Rob ended with, “God so loved the world that He refused to be a category and did something personal.” Amen, and praise God!

Monday, December 7, 2009

Providence Presbyterian Church

Today we worshiped at Providence Presbyterian Church, 9019 Little River Turnpike, Fairfax, VA 22031, 703.978.3934, www.providencechurch.org, Rev. Dr. Michael P. Burns, Pastor, and Rev. Mary E. Rodgers, Associate Pastor.


Bob’s thoughts:

We attended Providence for our granddaughter’s baptism. We were early but parking appears more than adequate. This weekend we experienced one of the rare early snowfalls in Virginia, and while the parking area was plowed and salted and most walkways were cleared, one large section of walk was snow-covered. There was little signage outside, but good direction inside. We got to tour a little but this is a large facility and I’m sure we missed a lot.

I don’t recall being welcomed in particular beyond the passing of the peace, but almost all we saw gave a welcoming smile. I think most churches with more than one service just think they haven’t met you.

We saw some outstanding banners on burlap and “stained glass” panels on Plexiglas in the youth area. Very well done bulletin boards and displays. There is a table decorated with poinsettias in the narthex with cards to be signed and sent to those serving in the military. The table is directly under a domed skylight that was partially snow-covered…very cool – no pun intended. There were quite a few military listed in the bulletin.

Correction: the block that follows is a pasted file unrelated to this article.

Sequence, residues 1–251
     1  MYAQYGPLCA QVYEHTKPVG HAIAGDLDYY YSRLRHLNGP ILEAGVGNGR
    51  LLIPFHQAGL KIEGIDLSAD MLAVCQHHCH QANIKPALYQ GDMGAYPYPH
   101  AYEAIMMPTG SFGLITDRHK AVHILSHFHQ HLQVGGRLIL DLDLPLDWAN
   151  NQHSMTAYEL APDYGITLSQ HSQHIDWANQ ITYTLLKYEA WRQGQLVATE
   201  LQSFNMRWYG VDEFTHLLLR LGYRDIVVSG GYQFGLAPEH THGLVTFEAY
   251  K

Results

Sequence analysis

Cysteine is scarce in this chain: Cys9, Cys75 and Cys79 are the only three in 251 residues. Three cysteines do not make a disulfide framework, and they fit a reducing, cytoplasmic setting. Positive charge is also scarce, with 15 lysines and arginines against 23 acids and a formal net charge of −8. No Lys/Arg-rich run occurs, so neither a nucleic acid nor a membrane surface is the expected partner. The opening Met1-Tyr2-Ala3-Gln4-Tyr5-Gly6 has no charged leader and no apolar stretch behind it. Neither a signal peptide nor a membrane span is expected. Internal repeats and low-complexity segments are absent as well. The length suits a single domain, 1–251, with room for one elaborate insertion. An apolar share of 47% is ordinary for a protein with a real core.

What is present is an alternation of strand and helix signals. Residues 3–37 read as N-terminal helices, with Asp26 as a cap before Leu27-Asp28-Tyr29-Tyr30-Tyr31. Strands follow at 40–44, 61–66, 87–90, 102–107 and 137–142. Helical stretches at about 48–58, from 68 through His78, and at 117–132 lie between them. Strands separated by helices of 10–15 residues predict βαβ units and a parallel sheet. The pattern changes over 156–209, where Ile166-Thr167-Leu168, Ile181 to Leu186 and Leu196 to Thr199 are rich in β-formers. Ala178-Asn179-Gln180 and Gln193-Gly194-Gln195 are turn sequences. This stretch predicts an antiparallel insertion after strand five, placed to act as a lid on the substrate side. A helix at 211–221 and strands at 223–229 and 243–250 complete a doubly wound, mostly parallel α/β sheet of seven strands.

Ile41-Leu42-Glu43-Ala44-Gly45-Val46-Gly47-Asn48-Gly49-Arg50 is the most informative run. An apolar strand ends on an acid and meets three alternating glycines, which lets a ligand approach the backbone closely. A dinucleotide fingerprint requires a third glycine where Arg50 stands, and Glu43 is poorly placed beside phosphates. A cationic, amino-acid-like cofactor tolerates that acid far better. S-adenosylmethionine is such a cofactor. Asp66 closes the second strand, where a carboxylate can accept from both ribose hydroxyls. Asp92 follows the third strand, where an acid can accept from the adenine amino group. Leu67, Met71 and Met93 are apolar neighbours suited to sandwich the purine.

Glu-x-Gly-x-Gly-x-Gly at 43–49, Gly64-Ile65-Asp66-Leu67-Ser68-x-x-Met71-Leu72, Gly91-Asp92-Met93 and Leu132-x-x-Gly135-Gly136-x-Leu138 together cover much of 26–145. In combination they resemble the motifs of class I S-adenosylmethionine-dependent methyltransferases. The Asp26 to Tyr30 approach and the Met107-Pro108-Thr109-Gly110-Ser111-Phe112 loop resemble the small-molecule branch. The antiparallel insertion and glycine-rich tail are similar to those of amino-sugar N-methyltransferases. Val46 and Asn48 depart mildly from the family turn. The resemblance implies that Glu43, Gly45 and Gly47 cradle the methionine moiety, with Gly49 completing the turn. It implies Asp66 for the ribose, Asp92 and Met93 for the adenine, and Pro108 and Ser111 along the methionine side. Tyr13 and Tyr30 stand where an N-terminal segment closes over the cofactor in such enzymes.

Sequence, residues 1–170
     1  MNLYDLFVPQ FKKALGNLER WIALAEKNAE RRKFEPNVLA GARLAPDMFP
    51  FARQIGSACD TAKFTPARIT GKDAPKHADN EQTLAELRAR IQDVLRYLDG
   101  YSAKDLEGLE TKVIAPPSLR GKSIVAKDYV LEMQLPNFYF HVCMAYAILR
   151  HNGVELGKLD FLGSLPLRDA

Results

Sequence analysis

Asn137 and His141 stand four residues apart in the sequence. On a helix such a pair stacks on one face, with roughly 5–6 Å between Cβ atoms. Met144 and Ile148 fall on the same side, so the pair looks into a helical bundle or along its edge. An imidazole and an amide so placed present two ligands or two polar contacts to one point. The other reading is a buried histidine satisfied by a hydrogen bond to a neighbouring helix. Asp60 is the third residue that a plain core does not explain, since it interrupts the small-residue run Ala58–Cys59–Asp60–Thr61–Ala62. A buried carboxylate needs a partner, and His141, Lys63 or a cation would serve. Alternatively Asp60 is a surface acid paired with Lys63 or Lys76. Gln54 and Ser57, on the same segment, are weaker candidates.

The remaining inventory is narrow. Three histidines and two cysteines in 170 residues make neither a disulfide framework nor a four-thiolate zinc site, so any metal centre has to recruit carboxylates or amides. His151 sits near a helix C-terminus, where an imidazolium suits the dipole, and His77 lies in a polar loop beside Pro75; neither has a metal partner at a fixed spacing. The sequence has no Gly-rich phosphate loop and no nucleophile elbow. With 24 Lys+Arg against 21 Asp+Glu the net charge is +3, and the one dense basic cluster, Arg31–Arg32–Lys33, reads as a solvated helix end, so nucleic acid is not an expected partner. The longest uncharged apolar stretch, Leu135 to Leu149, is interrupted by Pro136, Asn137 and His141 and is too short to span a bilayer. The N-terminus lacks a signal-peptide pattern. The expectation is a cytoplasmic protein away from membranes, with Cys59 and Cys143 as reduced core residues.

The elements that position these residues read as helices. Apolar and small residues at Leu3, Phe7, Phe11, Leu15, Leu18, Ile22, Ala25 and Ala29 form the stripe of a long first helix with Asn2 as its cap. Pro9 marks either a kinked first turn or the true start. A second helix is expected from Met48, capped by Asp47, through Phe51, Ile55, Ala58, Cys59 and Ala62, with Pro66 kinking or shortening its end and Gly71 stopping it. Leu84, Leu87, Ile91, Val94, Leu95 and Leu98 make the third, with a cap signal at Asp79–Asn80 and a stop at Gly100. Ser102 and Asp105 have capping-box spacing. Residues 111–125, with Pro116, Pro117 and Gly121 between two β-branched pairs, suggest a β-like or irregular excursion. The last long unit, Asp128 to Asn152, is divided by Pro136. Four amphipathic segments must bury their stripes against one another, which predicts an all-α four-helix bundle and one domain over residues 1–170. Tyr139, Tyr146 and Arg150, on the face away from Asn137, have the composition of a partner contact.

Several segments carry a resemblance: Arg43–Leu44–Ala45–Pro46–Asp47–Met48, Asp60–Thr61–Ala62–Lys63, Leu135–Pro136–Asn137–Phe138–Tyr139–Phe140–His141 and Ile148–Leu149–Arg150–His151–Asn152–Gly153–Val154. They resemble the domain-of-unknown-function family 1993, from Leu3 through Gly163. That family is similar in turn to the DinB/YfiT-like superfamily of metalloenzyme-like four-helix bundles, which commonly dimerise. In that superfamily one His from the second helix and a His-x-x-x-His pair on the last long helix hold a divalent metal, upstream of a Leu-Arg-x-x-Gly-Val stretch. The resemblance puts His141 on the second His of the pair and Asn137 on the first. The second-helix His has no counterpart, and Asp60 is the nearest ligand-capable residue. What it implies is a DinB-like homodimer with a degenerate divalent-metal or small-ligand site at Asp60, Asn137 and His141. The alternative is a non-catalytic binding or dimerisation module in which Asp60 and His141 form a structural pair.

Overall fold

I was pleased to see so many references to mission and an apparently active youth contingent.

We worshiped at the contemporary service and I was pleased with how many children I saw besides our grandchildren - always a sign of a healthy church. The offering was taken in response to the Word, and I don’t know if there was a large cross in front as the screen was down.

We learned after the service as the chairs were being moved and tables set up that we were in a multipurpose room and the Sanctuary was elsewhere. We did find the Sanctuary later: it was very tastefully decorated. Hope to return sometime to hear the impressive-looking organ.

The Elders were well trained in Communion service and offered the elements verbally. The bulletin covered both services and had many inserts which I found a bit confusing. I was blessed to hold my latest granddaughter during the service, so my notes taken during the sermon were unreadable. I had previously handed another granddaughter off to Jan for the service, so we were both so blessed.